So pass Friday and Saturday mornings. On both days, we begin to wrap up around midday, the whole group of 7 or 8 – staff, volunteer, translator Linus, Anny, Jenny and me returning to Kay Choucoun for lunch. There’s a strategy behind this thoughtful and welcoming gesture of Jenny’s – lunch for all each workday, a modest salad or rice and beans and some fruit or cookies. The talk is of the work so far, the tasks ahead and the larger questions of library policies, rules and procedures, motto and mission statement. Importantly, I am learning, this is the Haitian way (and also very French it seems to me). Everyone’s opinion is solicited, everything discussed, reviewed, debated and discussed some more; in the end, everyone has ownership and is committed to the final decision. It’s an approach that requires some patience, much cultural sensitivity and a lot of Kreyol; thank heavens for our essential liaison and cultural advisor, Anny Frederique!
After lunch, there are a series of visits and meetings lined up. In advance of our arrival, Besley has apparently scheduled almost every minute of Jenny’s day. No time is wasted; every Sister Cities program gets attention. Music students, tennis players, Conseil members, itinerant artists, mural painters, furniture makers, a solar energy representative, local business leader Luquece Belizaire, and other community members arrive in succession each day for meetings, coaching, progress reports, assignments. We visit band rehearsal, tennis practice, hospital rounds and an English class. We attend a meeting of ODES (our SCEH counterpart in Deschapelle), where great appreciation for the library is expressed, as well as some impatience for it’s opening; perhaps a good problem to have now that that day is drawing closer. Jenny offers a brief update on progress and plans, and even I am asked to comment, which I manage to do in my fractured French.
Monday, Sept. 7
We spend our last morning in the library putting tables and chairs in their proper places and setting up computers. Supplies are sorted out and work to be continued after we leave is organized and discussed. Finally, it’s time to start putting books on the just finished shelves – in their proper order. And this is when I make an interesting discovery and experience the most satisfying moment of my work time in Deschapelles. For although it was apparent that Odverne, Wednise and Pleurette had been carefully noting the appropriate Dewey numbers for many of the books and labeling them accordingly, I now see that they haven’t fully understood how the numbering system will determine their precise location on the shelves – a question that baffles many well-educated Americans with years of experience as library patrons. I soon find myself surrounded by the whole crew, demonstrating in French how the sequence of numbers and letters determines the order of the books as they listen intently, confer with each other, and start moving the books into place, one by one. Each book – its subject matter and number – is discussed by the group and a decision is reached. The process takes longer this way but it is a beautiful thing. There is learning going on and soon the whole group will know a little bit about every book in the library.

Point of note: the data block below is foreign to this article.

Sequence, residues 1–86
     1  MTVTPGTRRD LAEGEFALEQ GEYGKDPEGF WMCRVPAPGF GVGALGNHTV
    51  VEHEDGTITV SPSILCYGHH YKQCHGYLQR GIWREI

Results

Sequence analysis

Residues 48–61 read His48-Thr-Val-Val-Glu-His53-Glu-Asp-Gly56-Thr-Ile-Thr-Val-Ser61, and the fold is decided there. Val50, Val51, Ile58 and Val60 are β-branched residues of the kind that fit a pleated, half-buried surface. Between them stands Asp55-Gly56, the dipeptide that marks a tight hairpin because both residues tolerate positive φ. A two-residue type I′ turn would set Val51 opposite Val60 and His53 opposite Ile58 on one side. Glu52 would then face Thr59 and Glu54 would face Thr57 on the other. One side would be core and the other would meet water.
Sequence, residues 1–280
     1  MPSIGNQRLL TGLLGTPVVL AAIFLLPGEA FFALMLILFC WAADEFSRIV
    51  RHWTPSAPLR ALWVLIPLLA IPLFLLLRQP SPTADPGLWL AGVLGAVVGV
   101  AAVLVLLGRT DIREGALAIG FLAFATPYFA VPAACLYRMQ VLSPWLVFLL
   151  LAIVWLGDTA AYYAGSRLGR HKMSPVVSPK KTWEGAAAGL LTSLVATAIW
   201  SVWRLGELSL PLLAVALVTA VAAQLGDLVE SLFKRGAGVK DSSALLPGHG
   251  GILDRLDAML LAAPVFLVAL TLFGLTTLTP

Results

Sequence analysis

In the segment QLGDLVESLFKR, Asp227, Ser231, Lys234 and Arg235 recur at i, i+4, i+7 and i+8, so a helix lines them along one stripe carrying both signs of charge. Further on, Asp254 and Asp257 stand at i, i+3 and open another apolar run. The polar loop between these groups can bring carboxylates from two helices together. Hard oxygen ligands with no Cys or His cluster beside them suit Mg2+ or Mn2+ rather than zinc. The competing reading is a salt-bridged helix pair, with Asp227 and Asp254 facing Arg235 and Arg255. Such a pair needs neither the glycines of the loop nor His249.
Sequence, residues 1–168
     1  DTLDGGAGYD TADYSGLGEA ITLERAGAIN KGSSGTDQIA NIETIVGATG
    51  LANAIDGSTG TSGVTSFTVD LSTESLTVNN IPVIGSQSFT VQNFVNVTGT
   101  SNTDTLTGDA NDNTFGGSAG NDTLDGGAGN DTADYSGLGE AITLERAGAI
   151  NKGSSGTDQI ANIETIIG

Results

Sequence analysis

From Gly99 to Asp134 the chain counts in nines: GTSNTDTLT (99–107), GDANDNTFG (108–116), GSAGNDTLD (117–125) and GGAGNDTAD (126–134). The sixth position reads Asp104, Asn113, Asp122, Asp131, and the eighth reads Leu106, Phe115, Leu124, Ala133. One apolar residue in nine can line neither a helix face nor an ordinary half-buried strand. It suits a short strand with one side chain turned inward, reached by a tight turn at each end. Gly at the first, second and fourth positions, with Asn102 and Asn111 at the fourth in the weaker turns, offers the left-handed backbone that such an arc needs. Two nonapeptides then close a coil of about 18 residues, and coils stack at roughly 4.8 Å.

There is one last milestone to experience before this day ends. Luquece has offered to connect a generator temporarily to the library’s electrical system so that we can return after dark this evening and see what happens when the lights are turned on. It’s not the actual generator that the library will need nor the completed setup that will have to be installed, but a way to test the system and demonstrate the impact that lights will have in the library after dark – what it will be like for the children of Deschapelles to have a place to study, for the adults to have a place to read and write, and for the community to gather. It will be, as the library’s mission says, a place “to enrich the lives of all, regardless of age or education.” Let there be light at the Bibliothèque Communautaire de Deschapelles.
And so there is.
Sept. 22, 2015
Daphne Nielsen, an Essex resident, worked at the Hanger Clinic, a prosthetics facility at Hospital Albert Schweitzer in September 2010. Daphne is a physical therapist in Connecticut.
On Saturday, September 4, 2010, I left Connecticut for a two week volunteer stint at an amputee clinic in Haiti. Prior to going I had gathered as much information as I could on the web, but did not actually know what was in store for me. Doing volunteer work in a needy country had been a dream of mine for many years. I remember being inspired by an article about the hospital ship, Hope, which I had read as a child. My friend, Jenifer Grant, had spoken to me several times about the Hopital Albert Schweitzer (HAS) which had been founded in Deschapelle, Haiti in 1956 by her mother and stepfather, Dr. and Mrs. Lorimer Mellon.
Following the earthquake in Haiti in January of 2010, the Hanger Prosthetics Company, through their Ivan Sabel Foundation, founded a clinic at the hospital in Deschapelle to donate prosthetics to the many victims who lost limbs. Jenifer shared with me the great need for physical therapists to teach the clients to walk on their new legs. Once I made contact the wheels turned very quickly and I was on my way with the gift of a ticket from an organization called Physicians for Peace. Deschapelle is located about 70 miles north of Port au Prince in an area that was not affected by the earthquake.